• Personality Assessment. Personality assessment is designed to help a professional better understand an individual’s personality. Personality is a complex combination of factors that has been developed over a person’s entire childhood and young adulthood. There are multiple variables that influence our personality such as genetic, environmental and social components. Personality tests take this into account. There are two primary types of personality tests 1) objective, by far the most commonly used today, and 2) projective. Objective tests include things like the Minnesota Multiphasic Personality Inventory (MMPI-2), the 16PF, and the Millon Clinical Multiaxial Inventory-III (MCMI-III). Projective tests include the Rorschach Inkblot Test, the Thematic Apperception Test (TAT), and the Draw-a-Person test.
  • Behavioral Assessment. Behavioral assessment is the process of observing or measuring a person’s actual behavior to try and better understand the behavior and the thoughts behind it, and determine possible reinforcing components or triggers for the behavior. Through the process of behavioral assessment, a person — and/or a professional — can track behaviors and help change them.

In addition to these primary types, other kinds of psychological tests are available for specific areas, such as aptitude or achievement in school, career counseling, management skills, and career planning. For instance, in our Kentucky office, we provide neuropsychological testing for head trauma, sports injuries, pre-employment and a bunch of other neuropsychologically-related areas. 

Results Session – What Next?

At the results session, you will meet with the psychologist and go over the results. You should get a copy of the full psychological evaluation (typically 5-20 pages). It should be broken down into the following format (or something very similar):

  1. Basic Demographic Information
  2. Reason for Referral
  3. Names of Tests Administered
  4. Data from Each Test
  5. Results (Diagnoses)
  6. Recommendations
  7. Signature and Title of Psychologist

A good psychologist will go through the entire document, explain the tests used and results fully. He or she will also review all the recommendations which will likely include one or more treatments like outpatient therapy, medication evaluation with a psychiatrist or placement in residential treament. The most important sections are the Results and Recommendations. The Results are the psychologist’s list of diagnoses that were supported from testing and observation. The Recommendations is the ‘what now’ piece where you understand your options for treatment based on the results. If you don’t understand something, ask. They should completely answer any questions you have.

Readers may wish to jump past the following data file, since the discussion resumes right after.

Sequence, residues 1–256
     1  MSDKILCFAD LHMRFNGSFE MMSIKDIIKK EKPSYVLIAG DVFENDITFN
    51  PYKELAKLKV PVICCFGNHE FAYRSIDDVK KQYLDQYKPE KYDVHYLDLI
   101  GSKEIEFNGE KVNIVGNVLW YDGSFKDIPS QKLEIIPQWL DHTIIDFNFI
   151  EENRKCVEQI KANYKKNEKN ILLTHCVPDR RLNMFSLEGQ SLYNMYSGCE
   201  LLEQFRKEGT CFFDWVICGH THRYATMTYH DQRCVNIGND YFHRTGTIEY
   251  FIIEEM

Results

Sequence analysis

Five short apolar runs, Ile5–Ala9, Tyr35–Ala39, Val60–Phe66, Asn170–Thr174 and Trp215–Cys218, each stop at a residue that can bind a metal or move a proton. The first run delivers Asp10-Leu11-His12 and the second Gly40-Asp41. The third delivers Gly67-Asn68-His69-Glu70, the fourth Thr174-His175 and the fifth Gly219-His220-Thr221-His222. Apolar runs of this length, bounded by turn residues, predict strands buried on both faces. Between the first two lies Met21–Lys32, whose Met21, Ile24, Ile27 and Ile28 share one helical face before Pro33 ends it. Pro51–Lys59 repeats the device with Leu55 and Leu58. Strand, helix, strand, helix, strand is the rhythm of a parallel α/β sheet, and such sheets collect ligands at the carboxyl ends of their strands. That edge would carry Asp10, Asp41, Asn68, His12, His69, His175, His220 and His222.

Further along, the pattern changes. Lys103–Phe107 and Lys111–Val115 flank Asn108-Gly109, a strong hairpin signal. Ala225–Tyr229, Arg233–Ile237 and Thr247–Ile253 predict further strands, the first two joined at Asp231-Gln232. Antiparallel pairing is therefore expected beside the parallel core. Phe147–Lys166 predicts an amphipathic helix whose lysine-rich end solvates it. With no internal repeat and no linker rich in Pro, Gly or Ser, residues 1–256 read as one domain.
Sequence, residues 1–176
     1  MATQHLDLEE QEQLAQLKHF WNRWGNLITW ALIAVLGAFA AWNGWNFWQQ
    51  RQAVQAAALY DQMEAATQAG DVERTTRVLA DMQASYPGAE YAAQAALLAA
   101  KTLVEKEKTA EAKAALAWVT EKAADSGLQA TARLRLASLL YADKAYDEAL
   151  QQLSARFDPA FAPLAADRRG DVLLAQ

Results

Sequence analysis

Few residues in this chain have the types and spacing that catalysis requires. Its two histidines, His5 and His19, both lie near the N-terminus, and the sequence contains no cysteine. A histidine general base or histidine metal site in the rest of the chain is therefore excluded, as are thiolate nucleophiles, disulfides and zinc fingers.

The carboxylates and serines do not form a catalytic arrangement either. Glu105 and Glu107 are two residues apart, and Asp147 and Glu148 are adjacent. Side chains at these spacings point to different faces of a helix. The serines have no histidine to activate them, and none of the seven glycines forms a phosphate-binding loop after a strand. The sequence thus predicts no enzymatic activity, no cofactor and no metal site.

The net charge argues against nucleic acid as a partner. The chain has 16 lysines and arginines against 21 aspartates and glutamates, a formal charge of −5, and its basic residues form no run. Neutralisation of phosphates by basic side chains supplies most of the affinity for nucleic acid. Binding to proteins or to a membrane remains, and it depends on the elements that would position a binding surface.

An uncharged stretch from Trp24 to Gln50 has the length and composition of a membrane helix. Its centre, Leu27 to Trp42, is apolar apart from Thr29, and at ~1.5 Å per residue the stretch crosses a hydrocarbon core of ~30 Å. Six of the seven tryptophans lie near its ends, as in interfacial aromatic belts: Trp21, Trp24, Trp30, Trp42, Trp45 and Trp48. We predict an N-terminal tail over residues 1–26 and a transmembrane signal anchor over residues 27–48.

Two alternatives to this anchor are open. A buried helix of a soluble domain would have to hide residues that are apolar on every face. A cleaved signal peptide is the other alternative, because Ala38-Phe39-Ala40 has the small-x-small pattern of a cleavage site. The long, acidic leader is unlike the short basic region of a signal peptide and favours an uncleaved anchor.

A great psychologist will either offer a list of specific providers who offer the type of intervention or care recommended or refer you to a therapeutic placement consultant or educational consultant who can help with treatment placement.

Cost

If you are paying out of pocket, expect to pay $500-$2500 for the entire evaluation service. If you have insurance, contact the insurance company before scheduling an evaluation and ask what their coverage is for outpatient therapy and what your copay will be.

FAQ

Q: What if I disagree with the results or think the psychologist did a bad job?

A: During the final session when results are discussed, present your concerns and be a specific and factual as possible. Psychologists can only test based on information they have. If the psychologist had all the information but ignored important pieces, discuss this and, if necessary, make sure they do retesting to capture what they missed.

Q: Our daughter needs testing for an IEP at school. Is there a difference between psychological testing and testing at her school?

A: The testing you need is referred to as psychoeducation testing and often includes IQ testing. Testing for an IEP within a school system is not supposed to be used for diagnoses, only determining elegibility for an IEP or 504.

Q: How do we find a psychologist to do an evaluation?

A: If you are working with a therapist, start by asking if they have any recommendations of someone they trust and have worked with. If you are flying solo and have no one in your corner yet, check out Psychology Today (https://therapists.psychologytoday.com) > Type your Zip code into the search box > Under the Treatment Orientation on the left side, choose Psychological Testing and Evaluation. You should get a list of providers that conduct evaluations.  

Treatment 101: Therapeutic Boarding Schools and Residential Treatment Centers